We enjoyed a Burn2Learn game to embed this knowledge even more. This was a brand new Burn2Learn game so the children were extremely excitable to learn a new game. This game is all about being constantly active whilst also have the resilience to keep going even if you get it wrong! The children had to jump in the hoops as quickly as they could until they met their opponent on the same hoop – they then had to answer a quick fire question! If they got it correct, they kept going and jumped on to face their next opponent and if they got it wrong they ran to the end of the line ready to have their next go! This was super fun!
Year 5 loved learning the Square Number song to help them remember all the square numbers up to 12×12. We developed our understanding of square numbers, square roots and why they are called square numbers. We used visual representations as well as active maths. We used varied fluency questions to further deepen our understanding and also enjoyed a quick fire Burn2Learn game – as requested by the children! Our new favourite Burn2Learn game – and outside! The perfect Maths lesson in Year 5’s eyes!
Multiplying and dividing by 10, 100, 1000 and beyond.
We first started by revising place value of decimal numbers to ensure a secure understanding of tenths, hundredths and thousandths in order to understand multiplying and dividing by 10, 100 and 1000. Year 5 were able to identify digits in the place value chart and also determine the value of the digits in a decimal number.
We then moved on to recapping multiplying and dividing by 10, 100 and 1000 as this was a skill that the children learnt in Year 4. We started by singing the ‘Jump’ song – to remind us of which way the digits move when multiplying and dividing and that the decimal point never moves.
The children then continued to use this song by drawing a place value chart on the ground in chalk and then actually multiply and divide numbers by 10, 100, 1000 and beyond by ‘jumping’. This then brought in the concept of having to add in placeholders when multiplying and not needing the placeholders when dividing if they go past the decimal point. The children loved this Burn2Learn activity and were able to incorporate the song they love and then apply this to fluency and varied fluency questions.
Science – Materials: Mixtures & Solutions
This half term in Science, we will begin the first half of our Materials topic where we explore mixtures and solutions. We will explore how to separate mixtures and recover substances from a solution using our knowledge of solids, liquids and gases. We will get into role as Friar Laurence from Romeo & Juliet and use the potion as a stimulus for our Science work to make it even more fun!
Mixtures & Solutions: Maths in Science
We began our learning in our new Science Topic of materials and the children had to organise some statements into a Venn diagram after collecting the statements through a Burn2Learn activity. The children had to decide whether the statements were describing a mixture, solution or if the statements applied to both.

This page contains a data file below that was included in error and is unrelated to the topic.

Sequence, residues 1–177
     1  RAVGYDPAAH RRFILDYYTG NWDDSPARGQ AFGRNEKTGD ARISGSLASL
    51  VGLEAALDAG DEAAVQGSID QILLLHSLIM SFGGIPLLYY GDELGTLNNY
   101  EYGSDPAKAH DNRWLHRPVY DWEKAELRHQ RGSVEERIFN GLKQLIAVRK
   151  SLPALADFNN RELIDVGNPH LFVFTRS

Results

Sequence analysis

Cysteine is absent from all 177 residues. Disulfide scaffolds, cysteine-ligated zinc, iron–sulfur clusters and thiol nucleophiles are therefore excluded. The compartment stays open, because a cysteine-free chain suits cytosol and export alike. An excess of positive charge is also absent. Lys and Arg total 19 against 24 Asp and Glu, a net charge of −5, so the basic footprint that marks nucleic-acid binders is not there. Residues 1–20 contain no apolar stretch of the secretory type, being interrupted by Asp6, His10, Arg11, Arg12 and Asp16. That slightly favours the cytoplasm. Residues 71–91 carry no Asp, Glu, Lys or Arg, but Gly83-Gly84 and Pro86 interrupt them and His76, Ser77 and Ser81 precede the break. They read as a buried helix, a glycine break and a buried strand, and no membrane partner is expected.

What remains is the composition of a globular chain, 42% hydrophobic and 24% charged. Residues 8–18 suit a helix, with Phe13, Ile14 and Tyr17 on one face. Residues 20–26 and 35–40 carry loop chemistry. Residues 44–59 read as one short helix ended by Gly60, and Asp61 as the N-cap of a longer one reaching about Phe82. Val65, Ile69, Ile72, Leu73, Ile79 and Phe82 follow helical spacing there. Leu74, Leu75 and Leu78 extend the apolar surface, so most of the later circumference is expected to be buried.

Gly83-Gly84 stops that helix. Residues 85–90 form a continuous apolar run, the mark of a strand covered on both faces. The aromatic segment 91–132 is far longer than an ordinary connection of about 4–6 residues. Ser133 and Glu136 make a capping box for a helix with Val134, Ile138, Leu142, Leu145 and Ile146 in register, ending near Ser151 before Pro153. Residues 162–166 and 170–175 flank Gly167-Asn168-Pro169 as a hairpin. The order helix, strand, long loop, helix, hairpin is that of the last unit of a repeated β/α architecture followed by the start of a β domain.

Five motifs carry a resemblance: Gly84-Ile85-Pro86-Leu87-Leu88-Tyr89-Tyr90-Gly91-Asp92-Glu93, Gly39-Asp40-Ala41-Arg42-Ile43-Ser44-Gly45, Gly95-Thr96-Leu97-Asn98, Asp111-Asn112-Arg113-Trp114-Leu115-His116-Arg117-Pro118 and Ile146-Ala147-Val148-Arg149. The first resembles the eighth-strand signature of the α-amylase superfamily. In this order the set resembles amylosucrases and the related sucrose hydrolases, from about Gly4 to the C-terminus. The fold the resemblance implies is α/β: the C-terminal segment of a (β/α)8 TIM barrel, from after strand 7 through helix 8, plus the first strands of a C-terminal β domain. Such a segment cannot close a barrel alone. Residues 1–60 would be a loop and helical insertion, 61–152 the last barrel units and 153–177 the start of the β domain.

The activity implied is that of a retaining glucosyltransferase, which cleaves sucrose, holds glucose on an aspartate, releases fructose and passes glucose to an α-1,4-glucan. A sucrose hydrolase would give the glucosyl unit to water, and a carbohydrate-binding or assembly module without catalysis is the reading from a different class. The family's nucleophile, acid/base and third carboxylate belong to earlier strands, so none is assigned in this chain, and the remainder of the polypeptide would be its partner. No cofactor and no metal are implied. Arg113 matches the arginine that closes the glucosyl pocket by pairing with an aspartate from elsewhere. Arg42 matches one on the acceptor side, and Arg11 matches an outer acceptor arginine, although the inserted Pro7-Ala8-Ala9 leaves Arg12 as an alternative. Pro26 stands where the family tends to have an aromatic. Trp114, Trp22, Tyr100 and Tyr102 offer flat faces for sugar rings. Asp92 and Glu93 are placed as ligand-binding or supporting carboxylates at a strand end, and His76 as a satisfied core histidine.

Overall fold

We then moved on to exploring how to separate mixtures, this included using apparatus to separate, filtering and evaporating. The methods we explored today were using apparatus to physically separate and we began to explore the concept of filtering.
Following our exploration of separating mixtures, we wrote instructions to separate a mixture. The children thought about the equipment they would need if they repeated this, the steps they took to separating the mixture and they also evaluated their work – what went well, what didn’t go so well and what they would do differently if they were to repeat this again.
Dissolving materials – predictions
We the moved on to exploring dissolving. The children had to predict whether a range of materials would dissolve in water. This included salt, sugar, flour, gravy granules, coffee granules and sand. We then conducted a class experiment to see which materials dissolved in water and if our predictions were correct. We talked about how to make it a fair test and the children decided we needed to ensure the cups had the same amounts of water in them, the same amount of material was put in each cup and the same person stirred the water too.
As a class, we discovered that salt and sugar dissolved in water, coffee and gravy dissolve but change the colour of the water and flour and sand do not dissolve.
Based on this experiment, the children began to think about what they would like to investigate further. Some ideas were:
Does the temperature of the water affect how a material dissolves?
Does stirring the water or not stirring water affect how something dissolves?
Does the amount of water or the amount of substance you have change how it dissolves?
The children will have an opportunity soon to investigate their own hypothesis!
St Joseph’s Science Week!
We have had an absolutely fantastic week during Science Week and the children looked the part in their Science ‘lab coats’ too! Keep reading on to find out what we got up to during Science Week…